Being a dog handler means we are cheerleaders. The dogs are incredible and their enthusiasm for the work is what keeps each of us motivated. They are so enthusiastic that to be there for them when they need us the most, means that we have to go above and beyond a person’s normal threshold for enjoyment in miserable conditions.


Conservation Canine, Max on the Center for Conservation Biology's Northeastern Washington Carnivore project, Colville and Kanisku National Forests, Washington. |Photo credit: Jennifer Hartman

Conservation Canine, Max on the Center for Conservation Biology’s Northeastern Washington Carnivore project, Colville and Kanisku National Forests, Washington. | Photo credit: Jennifer Hartman


Our dogs are trained to find orca whale scat off the bow of a boat on the ocean, while others have taken helicopter rides to be dropped off in road-less areas to search for bat roosts.”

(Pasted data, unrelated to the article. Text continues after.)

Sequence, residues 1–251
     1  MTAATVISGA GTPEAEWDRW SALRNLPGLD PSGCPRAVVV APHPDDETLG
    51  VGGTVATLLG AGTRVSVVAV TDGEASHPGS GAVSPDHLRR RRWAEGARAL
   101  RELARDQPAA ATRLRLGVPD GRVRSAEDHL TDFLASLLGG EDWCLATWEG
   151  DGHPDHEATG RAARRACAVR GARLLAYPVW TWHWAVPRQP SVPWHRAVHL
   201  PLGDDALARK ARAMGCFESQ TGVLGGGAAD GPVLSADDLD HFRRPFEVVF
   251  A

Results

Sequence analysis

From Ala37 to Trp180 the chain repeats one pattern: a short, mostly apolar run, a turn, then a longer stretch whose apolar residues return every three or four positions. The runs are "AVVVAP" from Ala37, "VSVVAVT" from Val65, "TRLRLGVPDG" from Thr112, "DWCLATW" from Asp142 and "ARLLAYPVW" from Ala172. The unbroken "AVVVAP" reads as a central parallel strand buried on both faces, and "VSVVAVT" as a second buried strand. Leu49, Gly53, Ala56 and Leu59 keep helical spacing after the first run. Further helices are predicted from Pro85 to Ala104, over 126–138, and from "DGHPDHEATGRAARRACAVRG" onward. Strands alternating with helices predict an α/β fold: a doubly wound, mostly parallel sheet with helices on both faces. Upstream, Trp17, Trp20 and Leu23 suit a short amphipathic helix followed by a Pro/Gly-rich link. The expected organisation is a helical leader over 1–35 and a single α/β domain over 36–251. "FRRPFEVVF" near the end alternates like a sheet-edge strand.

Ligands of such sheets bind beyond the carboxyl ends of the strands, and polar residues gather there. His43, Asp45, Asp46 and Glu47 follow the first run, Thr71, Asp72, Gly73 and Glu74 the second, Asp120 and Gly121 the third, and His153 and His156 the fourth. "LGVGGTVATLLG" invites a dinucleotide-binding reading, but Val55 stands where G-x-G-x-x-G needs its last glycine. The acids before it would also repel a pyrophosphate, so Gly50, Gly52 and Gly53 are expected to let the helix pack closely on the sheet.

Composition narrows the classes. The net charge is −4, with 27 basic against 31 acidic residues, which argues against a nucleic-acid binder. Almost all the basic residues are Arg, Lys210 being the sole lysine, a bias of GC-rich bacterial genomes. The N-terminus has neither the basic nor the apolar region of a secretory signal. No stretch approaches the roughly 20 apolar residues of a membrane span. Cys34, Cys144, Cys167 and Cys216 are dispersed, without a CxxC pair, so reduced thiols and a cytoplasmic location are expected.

CK9 Max is pictured above near cougar scat he helped locate. The team swabs the scat for genetic material and collects a portion in a plastic bag for diet analysis. An Android phone and Bluetooth GPS are used to take location information.

The job generally involves a willingness to work in dirty, muddy conditions, a desire to explore places few people would reasonably go to (we aren’t going to the most scenic or popular places; we are hiking in some of the least desirable places), the patience to learn each dog and their special requirements, and the stamina to go the extra mile or wake up at unreasonable hours to work the dogs in the most ideal conditions.”


Stay tuned for the next part of this series to learn more about job prospects in canine conservation.

Conservation Canines is a small organization doing essential and conservation work. Please visit their website if you’d like to make a donation.